An employee working as a retail manager resigned after feeling sexually harassed by her employer. The employer would visit the store on a weekly or fortnightly basis and would greet the employee with a hug and an occasional kiss. The employer also regularly arranged meetings outside of work and would continually phone and text the employee.

The Employment Relations Authority upheld the employee’s personal grievance claim for unjustified disadvantage and unjustified constructive dismissal.

The ERA held that the employer’s actions did not meet the threshold for sexual harassment as the hugging occurred in the store with other staff present or else in a public place. The ERA did not accept the employee’s evidence of any accompanying kiss.

The ERA held that the employee had been disadvantaged in her employment by the employer’s arrangements to meet her away from the workplace and outside of business hours to discuss work matters. Other contact with the employee was also held to be an intrusion into her private time as it took place on days when she was away from work.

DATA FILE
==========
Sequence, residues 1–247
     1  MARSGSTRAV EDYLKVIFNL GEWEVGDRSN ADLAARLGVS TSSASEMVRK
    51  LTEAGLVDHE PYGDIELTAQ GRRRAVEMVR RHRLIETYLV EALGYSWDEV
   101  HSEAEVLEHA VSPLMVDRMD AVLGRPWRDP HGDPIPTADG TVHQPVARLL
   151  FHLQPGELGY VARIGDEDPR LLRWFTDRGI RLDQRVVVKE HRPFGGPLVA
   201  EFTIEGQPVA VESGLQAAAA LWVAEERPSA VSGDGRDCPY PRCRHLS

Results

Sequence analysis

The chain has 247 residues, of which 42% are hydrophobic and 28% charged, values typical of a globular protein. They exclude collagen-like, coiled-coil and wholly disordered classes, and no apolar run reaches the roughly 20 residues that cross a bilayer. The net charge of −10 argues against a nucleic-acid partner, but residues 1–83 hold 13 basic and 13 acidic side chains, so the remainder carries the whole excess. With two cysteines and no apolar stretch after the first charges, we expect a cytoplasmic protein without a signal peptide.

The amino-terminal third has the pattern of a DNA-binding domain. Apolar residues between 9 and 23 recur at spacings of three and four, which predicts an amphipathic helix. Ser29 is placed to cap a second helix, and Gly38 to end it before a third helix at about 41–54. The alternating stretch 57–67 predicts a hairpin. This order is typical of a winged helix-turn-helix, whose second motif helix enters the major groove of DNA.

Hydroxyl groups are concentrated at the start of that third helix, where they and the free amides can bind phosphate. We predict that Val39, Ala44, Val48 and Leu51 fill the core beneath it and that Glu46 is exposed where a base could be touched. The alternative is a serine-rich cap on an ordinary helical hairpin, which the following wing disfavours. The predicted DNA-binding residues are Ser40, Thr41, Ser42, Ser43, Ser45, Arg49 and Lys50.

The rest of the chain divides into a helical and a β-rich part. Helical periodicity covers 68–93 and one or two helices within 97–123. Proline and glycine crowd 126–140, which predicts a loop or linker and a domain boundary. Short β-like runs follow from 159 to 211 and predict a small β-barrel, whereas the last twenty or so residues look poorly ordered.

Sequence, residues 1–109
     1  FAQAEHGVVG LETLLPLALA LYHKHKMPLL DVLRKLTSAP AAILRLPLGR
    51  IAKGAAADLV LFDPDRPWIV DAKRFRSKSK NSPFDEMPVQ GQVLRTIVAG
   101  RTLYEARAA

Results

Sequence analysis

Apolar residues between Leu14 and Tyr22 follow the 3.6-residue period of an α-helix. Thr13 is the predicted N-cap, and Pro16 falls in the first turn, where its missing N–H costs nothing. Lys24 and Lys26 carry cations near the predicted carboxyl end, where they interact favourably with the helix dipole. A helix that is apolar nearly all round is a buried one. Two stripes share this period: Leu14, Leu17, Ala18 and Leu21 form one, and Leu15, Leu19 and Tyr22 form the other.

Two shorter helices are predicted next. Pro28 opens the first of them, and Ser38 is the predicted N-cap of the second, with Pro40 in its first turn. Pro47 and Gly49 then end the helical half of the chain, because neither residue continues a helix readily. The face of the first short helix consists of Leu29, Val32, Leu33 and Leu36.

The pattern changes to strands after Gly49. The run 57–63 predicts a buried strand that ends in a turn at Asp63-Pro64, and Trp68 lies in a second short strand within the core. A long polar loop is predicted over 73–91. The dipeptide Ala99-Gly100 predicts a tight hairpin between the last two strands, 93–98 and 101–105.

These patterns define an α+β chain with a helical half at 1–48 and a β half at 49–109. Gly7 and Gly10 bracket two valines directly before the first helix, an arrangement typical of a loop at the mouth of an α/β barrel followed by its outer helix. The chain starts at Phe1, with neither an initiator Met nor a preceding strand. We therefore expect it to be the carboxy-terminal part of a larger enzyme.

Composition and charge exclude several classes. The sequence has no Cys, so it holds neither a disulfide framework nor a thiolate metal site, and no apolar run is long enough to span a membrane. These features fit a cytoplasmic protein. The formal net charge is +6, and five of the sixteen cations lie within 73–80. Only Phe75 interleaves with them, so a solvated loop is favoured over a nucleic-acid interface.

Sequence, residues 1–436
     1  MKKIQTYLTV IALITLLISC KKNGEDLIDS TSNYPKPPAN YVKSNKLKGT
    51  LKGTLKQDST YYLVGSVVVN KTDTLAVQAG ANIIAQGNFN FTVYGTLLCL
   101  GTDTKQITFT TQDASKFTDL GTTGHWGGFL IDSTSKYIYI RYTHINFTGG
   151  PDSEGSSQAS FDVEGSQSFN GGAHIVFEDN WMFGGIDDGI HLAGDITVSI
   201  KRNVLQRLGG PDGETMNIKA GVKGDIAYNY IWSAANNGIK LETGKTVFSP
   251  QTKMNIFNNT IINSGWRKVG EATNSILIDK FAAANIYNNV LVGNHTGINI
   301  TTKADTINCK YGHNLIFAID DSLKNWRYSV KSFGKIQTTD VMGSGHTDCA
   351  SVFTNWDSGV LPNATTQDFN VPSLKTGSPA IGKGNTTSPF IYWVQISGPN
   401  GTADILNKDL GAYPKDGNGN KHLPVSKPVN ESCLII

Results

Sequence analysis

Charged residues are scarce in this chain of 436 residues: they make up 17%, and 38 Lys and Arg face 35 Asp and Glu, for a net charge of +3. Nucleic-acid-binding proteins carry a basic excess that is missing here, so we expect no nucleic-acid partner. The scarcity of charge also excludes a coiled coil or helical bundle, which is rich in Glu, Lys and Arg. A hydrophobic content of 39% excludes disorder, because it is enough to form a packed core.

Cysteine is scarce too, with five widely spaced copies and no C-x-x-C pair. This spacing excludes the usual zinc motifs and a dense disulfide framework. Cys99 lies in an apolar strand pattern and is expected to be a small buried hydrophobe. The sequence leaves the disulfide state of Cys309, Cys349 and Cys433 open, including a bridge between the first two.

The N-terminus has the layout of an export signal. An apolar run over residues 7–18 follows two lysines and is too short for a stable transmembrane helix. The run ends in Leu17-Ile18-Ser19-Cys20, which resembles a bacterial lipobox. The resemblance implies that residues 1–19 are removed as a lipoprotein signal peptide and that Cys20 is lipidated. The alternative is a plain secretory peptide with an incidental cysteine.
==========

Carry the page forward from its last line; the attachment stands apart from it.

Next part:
The employer also failed to act in good faith towards the employee by meeting with the employee off-site to discuss customer complaints without first informing her of the reason for their meeting. The employer did not provide the employee with all of the relevant information relating to the complaints, and did not seek her response.

Accordingly, these breaches of good faith caused the employee to resign.

The ERA ordered the employer to pay the employee a $6,000 penalty for breaching her employment agreement plus over $7,000 for lost wages. The employer was also ordered to contribute $1,000 towards the employee’s medical expenses for anxiety, and to pay the employee $6,000 compensation for humiliation, loss of dignity and injury to feelings.